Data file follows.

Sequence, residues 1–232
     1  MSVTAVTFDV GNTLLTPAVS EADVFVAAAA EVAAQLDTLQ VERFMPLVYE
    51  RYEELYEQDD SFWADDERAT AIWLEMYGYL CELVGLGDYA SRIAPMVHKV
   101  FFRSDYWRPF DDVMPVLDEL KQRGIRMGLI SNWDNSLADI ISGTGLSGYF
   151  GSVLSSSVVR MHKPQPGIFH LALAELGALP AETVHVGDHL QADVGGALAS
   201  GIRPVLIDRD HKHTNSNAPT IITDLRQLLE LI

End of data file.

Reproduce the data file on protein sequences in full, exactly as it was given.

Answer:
Sequence, residues 1–232
     1  MSVTAVTFDV GNTLLTPAVS EADVFVAAAA EVAAQLDTLQ VERFMPLVYE
    51  RYEELYEQDD SFWADDERAT AIWLEMYGYL CELVGLGDYA SRIAPMVHKV
   101  FFRSDYWRPF DDVMPVLDEL KQRGIRMGLI SNWDNSLADI ISGTGLSGYF
   151  GSVLSSSVVR MHKPQPGIFH LALAELGALP AETVHVGDHL QADVGGALAS
   201  GIRPVLIDRD HKHTNSNAPT IITDLRQLLE LI